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A new capability to a proven law enforcement technology: 360-degree body-worn cameras

The benefits of 360-degree video include addressing public expectations, capturing additional evidence and improving officer training


Today’s public expects law enforcement agencies of all sizes, rural and urban, to have video footage of every stop, arrest and incident.


When camera technologies started making waves in law enforcement, they were very limited in functionality. While these camera systems were an emerging technology when initially introduced to the market, they had significant limitations including low-resolution and the static or fixed points of view. They were definitely cool and a cutting-edge technology back then, but these early camera systems did not really offer law enforcement agencies the opportunity to maximize their return on investment.

Today, law enforcement agencies have myriad choices for camera procurement. Cameras are much more sophisticated in functionality, have better designs and capabilities, and they are easy-to-use once officers are trained.

Agencies can purchase body-worn cameras, CCTV, license plate readers, in-car cameras, UAS, tactical surveillance cameras and several other camera technologies whether they are for forensics, patrol, SWAT or other law enforcement operation. With so many camera systems out there, reviewing the capabilities before acquisition is critical to ensure the technology meets the actual needs of the agency.

This article sheds light on the benefits of the 360-degree camera. These benefits include addressing public expectations, capturing additional evidence and improving officer training.

1. Public expectation

Today’s public expects law enforcement agencies of all sizes, rural and urban, to have video footage of every stop, arrest and incident. Most cameras used in law enforcement provide a fixed, limited view, whether it’s from a BWC on an officer’s vest or an in-car camera mounted on a patrol car’s dashboard.

While a fixed view camera offers several benefits, a 360-degree camera offers more – a complete picture of the scene.

A 360-degree camera captures evidence and scene activity that is not in the direct line of sight of the officer. With all the law enforcement centric television shows, movies and video games out there, the public is beginning to expect law enforcement agencies to deliver a 360-degree view of events. Now there is 360-degree camera technology in the market that exists, it is worth it for agencies to test and pilot its utility.

2. Additional evidence

Evidence gathered from law enforcement cameras is proven effective. Officers have been cleared of misconduct. Officer response, and even use-of-force, has been justified. There are a substantial number of court proceedings about how law enforcement video footage provides helpful evidence when cases go to trial.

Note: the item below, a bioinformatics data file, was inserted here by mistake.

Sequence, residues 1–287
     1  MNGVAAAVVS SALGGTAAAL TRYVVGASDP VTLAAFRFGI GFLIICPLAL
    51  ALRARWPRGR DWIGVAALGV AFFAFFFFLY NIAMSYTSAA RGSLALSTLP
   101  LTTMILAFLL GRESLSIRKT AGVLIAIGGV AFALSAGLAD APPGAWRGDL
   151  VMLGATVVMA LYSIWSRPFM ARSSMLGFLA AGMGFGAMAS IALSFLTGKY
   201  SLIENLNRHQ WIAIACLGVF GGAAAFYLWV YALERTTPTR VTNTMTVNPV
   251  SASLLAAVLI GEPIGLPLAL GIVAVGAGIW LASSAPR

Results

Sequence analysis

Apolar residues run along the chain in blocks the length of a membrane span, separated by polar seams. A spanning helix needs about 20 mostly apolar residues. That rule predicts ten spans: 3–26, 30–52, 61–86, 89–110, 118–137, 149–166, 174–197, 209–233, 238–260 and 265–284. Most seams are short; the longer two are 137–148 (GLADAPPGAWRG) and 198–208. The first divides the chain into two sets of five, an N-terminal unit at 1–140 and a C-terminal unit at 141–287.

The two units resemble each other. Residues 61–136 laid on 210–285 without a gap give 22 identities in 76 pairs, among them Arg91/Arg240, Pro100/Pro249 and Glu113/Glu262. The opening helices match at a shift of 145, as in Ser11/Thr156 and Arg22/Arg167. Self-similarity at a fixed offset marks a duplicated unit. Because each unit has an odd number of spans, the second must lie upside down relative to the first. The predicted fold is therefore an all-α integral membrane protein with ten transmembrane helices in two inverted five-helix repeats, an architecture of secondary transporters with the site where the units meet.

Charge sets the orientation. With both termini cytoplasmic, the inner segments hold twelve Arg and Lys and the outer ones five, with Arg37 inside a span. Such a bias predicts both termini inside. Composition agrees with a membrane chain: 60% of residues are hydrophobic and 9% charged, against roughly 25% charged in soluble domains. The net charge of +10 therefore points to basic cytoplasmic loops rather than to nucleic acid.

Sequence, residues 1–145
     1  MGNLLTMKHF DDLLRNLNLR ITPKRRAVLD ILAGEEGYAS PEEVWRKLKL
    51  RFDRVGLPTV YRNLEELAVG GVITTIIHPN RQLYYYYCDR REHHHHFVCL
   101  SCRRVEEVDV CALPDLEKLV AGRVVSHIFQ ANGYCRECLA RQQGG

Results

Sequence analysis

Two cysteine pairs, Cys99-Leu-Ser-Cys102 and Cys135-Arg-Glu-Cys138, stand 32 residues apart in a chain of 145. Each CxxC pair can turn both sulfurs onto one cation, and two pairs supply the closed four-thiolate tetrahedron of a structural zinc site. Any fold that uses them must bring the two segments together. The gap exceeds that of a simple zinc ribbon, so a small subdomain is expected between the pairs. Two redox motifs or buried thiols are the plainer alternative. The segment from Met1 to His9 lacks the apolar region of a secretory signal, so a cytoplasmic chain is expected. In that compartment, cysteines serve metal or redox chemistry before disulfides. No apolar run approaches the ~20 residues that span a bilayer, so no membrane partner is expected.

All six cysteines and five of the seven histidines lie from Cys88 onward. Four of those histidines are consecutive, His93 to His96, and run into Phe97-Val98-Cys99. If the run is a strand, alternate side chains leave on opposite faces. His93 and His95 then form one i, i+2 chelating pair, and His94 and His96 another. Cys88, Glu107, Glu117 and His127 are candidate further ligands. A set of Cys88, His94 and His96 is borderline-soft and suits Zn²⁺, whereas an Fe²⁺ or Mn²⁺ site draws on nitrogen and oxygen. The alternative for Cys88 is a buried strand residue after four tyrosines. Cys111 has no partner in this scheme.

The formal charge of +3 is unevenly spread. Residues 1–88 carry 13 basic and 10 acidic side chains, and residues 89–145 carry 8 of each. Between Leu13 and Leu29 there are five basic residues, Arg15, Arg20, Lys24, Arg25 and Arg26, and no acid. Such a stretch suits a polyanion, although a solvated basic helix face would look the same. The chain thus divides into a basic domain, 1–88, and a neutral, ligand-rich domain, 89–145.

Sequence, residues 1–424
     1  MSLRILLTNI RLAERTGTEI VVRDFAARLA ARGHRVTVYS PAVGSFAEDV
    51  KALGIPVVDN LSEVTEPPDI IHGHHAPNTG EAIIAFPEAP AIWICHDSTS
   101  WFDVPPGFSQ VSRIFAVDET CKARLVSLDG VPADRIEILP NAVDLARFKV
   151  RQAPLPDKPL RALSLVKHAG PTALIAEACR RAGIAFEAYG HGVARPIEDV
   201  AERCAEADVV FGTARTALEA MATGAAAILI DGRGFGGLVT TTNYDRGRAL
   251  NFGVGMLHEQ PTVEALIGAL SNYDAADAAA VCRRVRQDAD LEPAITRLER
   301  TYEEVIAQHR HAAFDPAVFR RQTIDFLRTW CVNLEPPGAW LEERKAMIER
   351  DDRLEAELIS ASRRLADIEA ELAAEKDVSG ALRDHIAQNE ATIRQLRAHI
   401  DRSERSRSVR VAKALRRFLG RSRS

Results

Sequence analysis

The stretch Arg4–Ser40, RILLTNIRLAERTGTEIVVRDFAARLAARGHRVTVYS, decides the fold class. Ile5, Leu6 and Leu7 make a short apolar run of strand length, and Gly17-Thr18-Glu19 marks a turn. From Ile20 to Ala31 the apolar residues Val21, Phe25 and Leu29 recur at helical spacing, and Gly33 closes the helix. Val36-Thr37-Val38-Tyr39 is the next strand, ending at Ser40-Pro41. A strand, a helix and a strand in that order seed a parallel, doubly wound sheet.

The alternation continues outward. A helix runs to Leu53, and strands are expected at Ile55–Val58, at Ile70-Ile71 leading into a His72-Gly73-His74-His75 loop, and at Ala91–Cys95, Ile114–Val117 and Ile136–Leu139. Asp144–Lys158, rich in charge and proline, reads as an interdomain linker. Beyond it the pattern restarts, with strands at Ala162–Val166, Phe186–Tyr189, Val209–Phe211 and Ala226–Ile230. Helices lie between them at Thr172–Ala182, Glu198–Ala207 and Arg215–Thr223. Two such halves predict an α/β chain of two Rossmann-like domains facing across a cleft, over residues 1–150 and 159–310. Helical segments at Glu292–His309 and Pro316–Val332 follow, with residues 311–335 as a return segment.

Most law enforcement camera-based evidence presented in court is based on a fixed camera’s point of view that offers a limited angle. Evidence gathered from a 360-degree camera offers a wider lens, and when coupled with an officer’s statement, it can further validate any testimony when the case goes to court or trial.

3. Officer training

Leveraging data from law enforcement cameras, whether BWC data, in-car camera data or other tech-camera data, for officer training is an excellent way to maximize an agency’s return on investment (this is also good for budget cycles and future discussions with city management). Further, and equally important, reviewing video footage is a great way to inform future decision-making, shed light on positive and negative citizen encounters and help officers learn from one another. Scene safety is a significant concern for every officer during every call and every traffic stop, so imagine the officer training scenarios that can be created with 360-degree footage.


Every new law enforcement technology introduced to aid agency operations requires substantial consideration and testing before full adoption and roll-out. The 360-degree camera is a new capability to already proven law enforcement technologies such as in-car cameras and BWCs. It is worth exploring its utility not only in the field, but how the data gathered can be used for in-house officer training.

Heather R. Cotter has been working with public safety professionals for 20 years and understands the resource challenges and constraints agencies face. Heather is a Captain in the United States Army Reserve and holds two master’s degrees from Arizona State University and a bachelor’s degree from Indiana University. Contact her at